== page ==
Will the West Catch Up With China’s Social Commerce?

    Purchases are predominantly influenced by social media, but the West has yet to pick up the pace of China when it comes to integrating mobile payments.
    Purchases are predominantly influenced by social media, but the West has yet to pick up the pace of China when it comes to integrating mobile payments. Photo: Instagram.
      Published   in Finance

    This post originally appeared on Content Commerce Insider, our sister publication on branded entertainment.

    Last month, when Instagram revealed a recent update to emphasize its Shopping and Reel features, it was met with outrage across Western social media, with the leading beauty influencer James Charles stating that the platform was pushing “features that literally no one is asking for.” Despite Instagram being an #ad money-making machine for brands, Western consumers continue to view social media primarily as a creative outlet rather than a commercial one.

    Over in China, however, it’s a very different scene, with social commerce sales surpassing 186 billion in 2019 [eMarketer] — ten times the U.S. total, thanks to the deeper integration of content and commerce and its embrace by consumers. In short, there is one phenomenon taking over e-commerce worldwide, just with two very different stories.

    Social media commentator Matt Navarra told CCI that, while Charles may be voicing public opposition to Instagram’s latest moves, he also sells out merchandise by marketing on that very platform. “I don’t think [the West] is opposed to shopping on social media platforms, I think that it’s just a relative novelty because there isn’t a fully fledged shopping platform yet,” said Navarra. “I think there’s more of an uproar of people liking other features and not liking change, having to adapt how they use the platform.”

    Western social commerce is currently dominated by advertising, rather than transactions. After all, influencer culture is Instagram’s most dominant force, built upon brand marketing. “People love to gather around an individual that represents something they resonate with or support, or find aspirational or inspirational,” said Navarra, noting how influencers carve out online subcultures molded by aesthetics and common values, which brands then emulate.

    Social media has also created new expectations of transparency, personality, and relatability in brand storytelling. The past year has seen certain products going viral on TikTok in 2020 without direct brand involvement (or control), proving the power of social content, from Nathan Apodaca skateboarding while drinking Ocean Spray and Sherwin Williams’s paint mixer to the Le Creuset obsession and Revlon’s 2-in-1 hair dryer review videos.

    “Brands are seeing their products succeeding better from viral posts than from advertising movements because TikTok trends bring a sense of personability to a product,” said Pippa Speed, associate at London-based marketing agency Truffle Social. “It adds dimensions to what would originally have been promoted directly from the brand.”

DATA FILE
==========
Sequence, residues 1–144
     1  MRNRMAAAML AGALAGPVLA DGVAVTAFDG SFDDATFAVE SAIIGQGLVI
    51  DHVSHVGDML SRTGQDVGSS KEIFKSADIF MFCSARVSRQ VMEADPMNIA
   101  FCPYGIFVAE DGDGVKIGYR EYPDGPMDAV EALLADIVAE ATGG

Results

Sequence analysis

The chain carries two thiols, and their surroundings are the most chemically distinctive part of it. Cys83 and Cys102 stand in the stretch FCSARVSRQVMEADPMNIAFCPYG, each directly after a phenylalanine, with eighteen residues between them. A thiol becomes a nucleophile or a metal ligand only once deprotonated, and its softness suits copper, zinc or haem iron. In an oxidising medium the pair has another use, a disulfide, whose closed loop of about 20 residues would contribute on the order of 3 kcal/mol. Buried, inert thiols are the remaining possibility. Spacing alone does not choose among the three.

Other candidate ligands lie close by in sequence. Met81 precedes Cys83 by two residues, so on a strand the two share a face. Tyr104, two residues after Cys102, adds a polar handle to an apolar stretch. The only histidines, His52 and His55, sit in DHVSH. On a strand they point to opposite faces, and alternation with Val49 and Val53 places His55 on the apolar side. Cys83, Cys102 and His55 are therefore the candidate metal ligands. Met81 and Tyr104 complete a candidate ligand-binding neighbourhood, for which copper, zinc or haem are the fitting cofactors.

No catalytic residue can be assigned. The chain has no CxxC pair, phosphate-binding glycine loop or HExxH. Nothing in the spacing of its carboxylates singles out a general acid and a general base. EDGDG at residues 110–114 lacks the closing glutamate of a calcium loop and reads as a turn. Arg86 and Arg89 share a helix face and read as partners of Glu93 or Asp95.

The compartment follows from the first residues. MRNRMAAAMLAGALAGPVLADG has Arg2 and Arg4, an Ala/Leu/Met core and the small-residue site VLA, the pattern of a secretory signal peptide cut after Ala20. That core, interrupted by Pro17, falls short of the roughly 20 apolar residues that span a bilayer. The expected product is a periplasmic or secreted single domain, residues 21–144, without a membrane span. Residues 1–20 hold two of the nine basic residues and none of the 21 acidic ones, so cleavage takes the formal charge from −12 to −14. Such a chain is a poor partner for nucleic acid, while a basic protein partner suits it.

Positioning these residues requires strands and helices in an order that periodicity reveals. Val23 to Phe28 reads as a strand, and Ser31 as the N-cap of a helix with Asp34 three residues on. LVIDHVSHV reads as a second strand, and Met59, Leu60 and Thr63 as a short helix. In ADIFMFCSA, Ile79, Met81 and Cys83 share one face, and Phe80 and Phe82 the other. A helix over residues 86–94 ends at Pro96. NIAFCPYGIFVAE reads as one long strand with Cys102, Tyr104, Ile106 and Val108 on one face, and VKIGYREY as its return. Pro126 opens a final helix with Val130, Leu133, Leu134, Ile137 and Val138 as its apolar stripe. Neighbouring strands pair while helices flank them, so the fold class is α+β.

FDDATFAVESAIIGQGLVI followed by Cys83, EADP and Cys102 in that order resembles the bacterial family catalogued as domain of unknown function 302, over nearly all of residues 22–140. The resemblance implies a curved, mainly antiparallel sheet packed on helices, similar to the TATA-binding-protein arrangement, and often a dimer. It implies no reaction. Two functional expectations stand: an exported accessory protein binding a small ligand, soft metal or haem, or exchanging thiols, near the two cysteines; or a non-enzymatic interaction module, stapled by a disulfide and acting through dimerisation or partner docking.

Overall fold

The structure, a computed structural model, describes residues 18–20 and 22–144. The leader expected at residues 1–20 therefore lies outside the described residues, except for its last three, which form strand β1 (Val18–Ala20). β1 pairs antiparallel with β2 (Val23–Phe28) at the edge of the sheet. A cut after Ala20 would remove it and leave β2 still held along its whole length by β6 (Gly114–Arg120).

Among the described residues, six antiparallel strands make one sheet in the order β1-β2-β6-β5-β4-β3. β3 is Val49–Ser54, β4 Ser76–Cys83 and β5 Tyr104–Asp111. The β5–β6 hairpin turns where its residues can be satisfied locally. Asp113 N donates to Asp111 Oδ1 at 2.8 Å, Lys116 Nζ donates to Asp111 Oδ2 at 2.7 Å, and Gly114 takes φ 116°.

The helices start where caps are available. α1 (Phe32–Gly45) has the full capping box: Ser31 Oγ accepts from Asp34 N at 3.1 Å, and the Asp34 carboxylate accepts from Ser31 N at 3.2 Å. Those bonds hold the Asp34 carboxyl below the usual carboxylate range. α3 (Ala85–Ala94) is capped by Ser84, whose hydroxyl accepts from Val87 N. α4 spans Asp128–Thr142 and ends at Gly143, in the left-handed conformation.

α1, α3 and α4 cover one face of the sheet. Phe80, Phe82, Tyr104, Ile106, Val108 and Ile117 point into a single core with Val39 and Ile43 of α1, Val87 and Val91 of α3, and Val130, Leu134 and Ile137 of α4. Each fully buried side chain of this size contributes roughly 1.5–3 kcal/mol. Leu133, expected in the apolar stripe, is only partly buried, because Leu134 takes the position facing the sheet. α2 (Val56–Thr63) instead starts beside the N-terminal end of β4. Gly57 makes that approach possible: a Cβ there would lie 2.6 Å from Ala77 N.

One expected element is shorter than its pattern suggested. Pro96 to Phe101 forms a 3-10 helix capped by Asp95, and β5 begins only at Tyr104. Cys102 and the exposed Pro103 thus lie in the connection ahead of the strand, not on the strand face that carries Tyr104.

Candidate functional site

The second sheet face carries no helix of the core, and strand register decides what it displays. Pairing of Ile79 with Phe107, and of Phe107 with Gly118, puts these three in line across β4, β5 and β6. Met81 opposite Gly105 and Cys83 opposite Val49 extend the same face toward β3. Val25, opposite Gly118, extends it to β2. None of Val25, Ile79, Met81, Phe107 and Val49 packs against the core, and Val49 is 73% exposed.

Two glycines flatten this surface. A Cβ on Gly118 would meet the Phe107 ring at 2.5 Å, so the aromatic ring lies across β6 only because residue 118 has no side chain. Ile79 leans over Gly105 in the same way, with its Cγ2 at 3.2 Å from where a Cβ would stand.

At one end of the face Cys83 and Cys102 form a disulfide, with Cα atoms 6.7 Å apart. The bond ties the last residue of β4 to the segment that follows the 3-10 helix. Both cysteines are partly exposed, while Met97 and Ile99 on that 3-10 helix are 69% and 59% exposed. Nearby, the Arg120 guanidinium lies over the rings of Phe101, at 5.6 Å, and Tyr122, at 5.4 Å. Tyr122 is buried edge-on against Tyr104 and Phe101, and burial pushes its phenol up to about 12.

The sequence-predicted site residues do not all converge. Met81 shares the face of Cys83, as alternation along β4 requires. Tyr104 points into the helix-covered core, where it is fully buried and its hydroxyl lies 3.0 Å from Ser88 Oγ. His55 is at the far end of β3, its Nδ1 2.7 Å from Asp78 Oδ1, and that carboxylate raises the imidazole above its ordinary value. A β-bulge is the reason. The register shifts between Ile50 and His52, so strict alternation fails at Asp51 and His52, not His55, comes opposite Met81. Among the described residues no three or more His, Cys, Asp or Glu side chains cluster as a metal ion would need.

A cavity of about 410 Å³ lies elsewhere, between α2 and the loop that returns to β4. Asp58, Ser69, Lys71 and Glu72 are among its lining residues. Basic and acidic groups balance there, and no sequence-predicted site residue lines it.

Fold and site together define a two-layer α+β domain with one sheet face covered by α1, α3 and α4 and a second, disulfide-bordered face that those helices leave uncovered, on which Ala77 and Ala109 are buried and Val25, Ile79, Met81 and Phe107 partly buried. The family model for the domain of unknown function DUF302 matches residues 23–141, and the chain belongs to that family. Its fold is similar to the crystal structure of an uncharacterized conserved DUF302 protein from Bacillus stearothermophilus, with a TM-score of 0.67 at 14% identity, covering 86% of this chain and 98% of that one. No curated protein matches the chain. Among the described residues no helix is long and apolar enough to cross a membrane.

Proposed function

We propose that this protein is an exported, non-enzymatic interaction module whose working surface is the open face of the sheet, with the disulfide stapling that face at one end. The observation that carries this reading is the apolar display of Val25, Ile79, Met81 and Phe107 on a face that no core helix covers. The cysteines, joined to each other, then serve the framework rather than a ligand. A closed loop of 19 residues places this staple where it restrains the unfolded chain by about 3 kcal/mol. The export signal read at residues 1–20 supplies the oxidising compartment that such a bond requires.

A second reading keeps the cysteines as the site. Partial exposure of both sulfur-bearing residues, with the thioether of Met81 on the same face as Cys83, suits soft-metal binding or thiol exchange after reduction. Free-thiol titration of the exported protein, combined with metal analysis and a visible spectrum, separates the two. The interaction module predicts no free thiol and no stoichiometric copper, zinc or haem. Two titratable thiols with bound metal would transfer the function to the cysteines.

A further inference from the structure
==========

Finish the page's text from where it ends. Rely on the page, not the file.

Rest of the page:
Purchases are predominantly influenced by social media, but the West is yet to pick up the pace of China when it comes to integration of mobile payments. For example, last year Tencent’s WeChat saw mini programs generate transactions valued at more than 115 billion. (eMarketer)

    Rui Ma, co-host of Pandaily’s Tech Buzz China podcast, told CCI that WeChat owes its success to influencer culture as well as its simple-to-share structure. “You are either led to the product by your friends, or you purchase directly from a person, i.e. influencer,” said Ma. “The former was helped by the fact that WeChat was such a great product for sharing — especially through unique features such as mini programs — and the latter was just much more normal in China, with endorsements always being a big deal and commission-based shopping guides a common fixture in many Chinese stores.”

    Influencer marketing is the common thread in these two social commerce stories, yet the structures of the most popular apps differ. Instagram is algorithm-driven, whereas China’s leading social commerce app WeChat is not. “[Instagram] is trying to keep people on the platform as long as possible, that is definitely a motivation,” said Navarra. “The difference is in Western countries, apps don’t have the same integration into their daily lives with one specific app to do lots of things.”

    WeChat founder Allen Zhang crafted his do-everything app with pure functionality in mind, which is why there are no ads on the open screen and messages do not show read receipts. WeChat thus offers a more relaxing social shopping journey, giving users access to mini program stores, rather than forcing products upon them in the time-sucking, ad-bombarding Instagram mode.

    Perhaps WhatsApp’s shift toward in-app e-commerce is the sign that U.S. tech is finally digesting China’s social commerce story. The Facebook-owned messaging service recently introduced catalogs and shopping carts, allowing users to browse and add products from different retailers. However, if WhatsApp were to reach a comparable level as WeChat (which currently hosts some 2.3 million mini programs) Google and Apple would stand to lose out exponentially — the former currently has 2.87 million apps on its store, and Apple has 1.96 million. (LD Investments)

    Livestreaming is another element that factors into China’s social commerce success while yet to take off in the West. Even pioneers such as Bytedance, which launched e-commerce on Douyin in 2018, has only just started to roll out shopping features on its global counterpart TikTok.

    The coming year is sure to reveal whether the West is following China’s social commerce strategies, or whether it is simply choosing to continue on a different journey.

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